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An additional three episodes aired on BBC in the fall of 2011, something which I could have taken or left. Hence why, despite the fact that I was paces away from my office's TV during the second season's debut on American television (I don't have a TV at my apartment), I chose to finish up paperwork instead.
Over the past few weeks I have managed to watch the three episodes of the second season. Well, BBC: Mostly well done. *insert golf clap*
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- Irene Adler is a dominatrix by profession. How oddly appropriate.
- The Hound of the Baskervilles rewritten to involve a genetic laboratory called Baskerville? BLOODY BRILLIANT!
- An incidental insertion of the infamous "deerstalker" cap that eventually makes it a "symbol" of the modern Sherlock Holmes that said Sherlock Holmes despises was a nice touch. Very reminiscent of how Sidney Paget, one of the early illustrators of the original stories, accidentally made the deerstalker Holmes' icon by drawing him wearing it in one of his commissioned sketches of the detective to go along with the stories.
- Pretty much the entire plot of the final episode, "The Reichenbach Fall." Watch it to see what I mean- one of the most complicated and creative plots with such an unexpected, shocking and explosive twist of which Sir Arthur Conan Doyle himself would have thoroughly approved.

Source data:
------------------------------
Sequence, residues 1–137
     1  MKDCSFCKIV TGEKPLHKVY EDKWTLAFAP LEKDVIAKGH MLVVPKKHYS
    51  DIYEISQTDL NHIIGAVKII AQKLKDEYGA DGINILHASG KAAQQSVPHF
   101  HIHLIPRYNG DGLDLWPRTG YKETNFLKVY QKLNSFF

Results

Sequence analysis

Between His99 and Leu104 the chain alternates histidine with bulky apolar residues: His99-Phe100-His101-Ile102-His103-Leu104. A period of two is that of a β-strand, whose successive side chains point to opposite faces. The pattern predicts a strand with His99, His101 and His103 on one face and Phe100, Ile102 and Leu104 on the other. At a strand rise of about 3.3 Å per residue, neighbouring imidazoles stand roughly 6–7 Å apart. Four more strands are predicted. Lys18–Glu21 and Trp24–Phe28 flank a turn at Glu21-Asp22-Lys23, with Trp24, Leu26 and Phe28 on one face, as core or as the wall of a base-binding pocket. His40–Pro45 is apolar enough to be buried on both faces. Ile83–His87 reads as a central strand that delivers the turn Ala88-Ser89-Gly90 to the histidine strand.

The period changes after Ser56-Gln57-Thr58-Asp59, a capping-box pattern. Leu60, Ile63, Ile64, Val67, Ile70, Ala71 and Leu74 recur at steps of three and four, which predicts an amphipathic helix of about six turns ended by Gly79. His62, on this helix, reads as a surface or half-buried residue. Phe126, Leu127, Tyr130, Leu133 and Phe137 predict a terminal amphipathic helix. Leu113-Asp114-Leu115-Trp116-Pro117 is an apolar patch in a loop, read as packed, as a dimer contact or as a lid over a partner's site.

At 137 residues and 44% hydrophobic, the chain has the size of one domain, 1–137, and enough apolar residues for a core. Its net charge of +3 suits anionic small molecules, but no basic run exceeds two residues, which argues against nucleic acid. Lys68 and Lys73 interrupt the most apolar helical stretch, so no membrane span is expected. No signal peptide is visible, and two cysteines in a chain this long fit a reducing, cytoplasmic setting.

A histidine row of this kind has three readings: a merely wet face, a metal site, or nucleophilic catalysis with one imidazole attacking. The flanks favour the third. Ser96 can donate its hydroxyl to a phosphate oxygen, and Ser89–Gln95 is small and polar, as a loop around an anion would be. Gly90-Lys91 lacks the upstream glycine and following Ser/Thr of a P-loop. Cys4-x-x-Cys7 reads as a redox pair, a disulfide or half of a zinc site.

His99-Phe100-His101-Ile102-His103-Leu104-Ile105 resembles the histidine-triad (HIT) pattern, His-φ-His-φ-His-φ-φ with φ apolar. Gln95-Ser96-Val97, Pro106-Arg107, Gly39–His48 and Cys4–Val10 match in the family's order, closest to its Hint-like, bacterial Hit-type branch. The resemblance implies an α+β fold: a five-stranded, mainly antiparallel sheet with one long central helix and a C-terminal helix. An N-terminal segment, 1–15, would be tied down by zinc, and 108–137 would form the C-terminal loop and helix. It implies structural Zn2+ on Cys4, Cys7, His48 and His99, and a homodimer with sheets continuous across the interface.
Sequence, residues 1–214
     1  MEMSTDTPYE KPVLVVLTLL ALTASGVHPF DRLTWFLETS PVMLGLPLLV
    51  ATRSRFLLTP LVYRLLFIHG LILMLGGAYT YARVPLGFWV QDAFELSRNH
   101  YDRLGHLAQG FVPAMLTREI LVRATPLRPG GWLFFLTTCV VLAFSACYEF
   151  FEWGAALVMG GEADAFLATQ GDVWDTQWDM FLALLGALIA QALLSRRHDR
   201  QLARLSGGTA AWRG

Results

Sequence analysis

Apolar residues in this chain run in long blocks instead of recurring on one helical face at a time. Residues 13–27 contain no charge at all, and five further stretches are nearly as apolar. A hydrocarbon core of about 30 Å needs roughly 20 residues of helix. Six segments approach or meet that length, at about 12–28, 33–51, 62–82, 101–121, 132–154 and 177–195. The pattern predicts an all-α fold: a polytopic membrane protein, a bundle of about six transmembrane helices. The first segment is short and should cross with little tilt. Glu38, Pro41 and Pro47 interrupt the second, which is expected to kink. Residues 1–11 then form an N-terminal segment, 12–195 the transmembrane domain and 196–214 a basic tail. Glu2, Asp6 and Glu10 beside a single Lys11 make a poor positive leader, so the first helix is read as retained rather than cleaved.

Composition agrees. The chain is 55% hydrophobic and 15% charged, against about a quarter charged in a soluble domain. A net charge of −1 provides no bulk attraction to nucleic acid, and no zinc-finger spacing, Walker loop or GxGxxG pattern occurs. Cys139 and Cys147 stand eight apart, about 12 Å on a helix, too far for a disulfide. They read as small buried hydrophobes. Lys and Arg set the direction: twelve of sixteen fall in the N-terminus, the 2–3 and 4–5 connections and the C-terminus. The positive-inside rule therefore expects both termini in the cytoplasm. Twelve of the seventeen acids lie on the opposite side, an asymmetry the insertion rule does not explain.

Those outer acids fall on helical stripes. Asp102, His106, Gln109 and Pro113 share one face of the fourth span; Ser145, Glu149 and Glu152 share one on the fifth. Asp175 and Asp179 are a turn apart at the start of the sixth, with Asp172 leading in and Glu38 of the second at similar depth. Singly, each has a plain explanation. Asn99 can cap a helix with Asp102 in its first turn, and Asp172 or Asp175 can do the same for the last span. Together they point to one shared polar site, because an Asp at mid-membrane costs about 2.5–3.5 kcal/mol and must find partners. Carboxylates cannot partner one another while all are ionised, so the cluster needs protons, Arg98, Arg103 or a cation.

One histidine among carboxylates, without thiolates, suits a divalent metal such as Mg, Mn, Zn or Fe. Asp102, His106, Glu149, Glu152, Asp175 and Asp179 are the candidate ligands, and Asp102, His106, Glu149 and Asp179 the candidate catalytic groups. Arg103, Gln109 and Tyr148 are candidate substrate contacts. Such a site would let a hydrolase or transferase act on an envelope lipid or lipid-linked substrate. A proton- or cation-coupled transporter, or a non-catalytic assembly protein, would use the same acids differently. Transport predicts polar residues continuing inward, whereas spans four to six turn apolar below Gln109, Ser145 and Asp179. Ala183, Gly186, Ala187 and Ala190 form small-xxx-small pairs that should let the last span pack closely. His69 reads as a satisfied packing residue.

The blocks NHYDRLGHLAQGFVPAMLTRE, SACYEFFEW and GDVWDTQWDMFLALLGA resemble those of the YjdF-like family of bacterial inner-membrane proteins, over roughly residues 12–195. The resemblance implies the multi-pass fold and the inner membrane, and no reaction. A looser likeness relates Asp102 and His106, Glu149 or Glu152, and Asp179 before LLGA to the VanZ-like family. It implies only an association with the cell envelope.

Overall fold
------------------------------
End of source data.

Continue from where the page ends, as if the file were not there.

- Moriarty is absolutely bonkers in a way that is not sexy, not cool, and yet somehow still so enthralling to the viewer. He's certainly ballsy, even willing to take risks that would endanger his own freedom or even existence in order to accomplish his goals, filling the role of a supervillain perfectly in that sense. But he truly did find the best way to bring down Holmes- something from which Doyle's original Moriarty could certainly learn a few lessons.
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And BBC, regarding the resolution of season one's cliffhanger at the opening of season two, THAT WAS A REALLY CHEAP AND LAZY WAY TO DO IT! I feel cheated of a good story ending. The Sherlock writers and producers should be smacked.
Actually, the same could be said of the denouement of the last episode, "The Reichenbach Fall." However, I am willing to see what the third season's opening will do to resolve that little mystery before making any further harsh judgments.
About "The Reichenbach Fall-" if the filmed scenes had just ended five minutes before the actual credits rolled, I would have considered the Sherlock Holmes series to have been an outstanding work of art and a total success on the part of the writers and the BBC. As it actually ended, I am rather disappointed, but still consider that episode to be the best in the series thus far.
Overall, my recommendation is to watch the entire Sherlock series- all six episodes- and make your own judgments. It certainly won't be a waste of your time.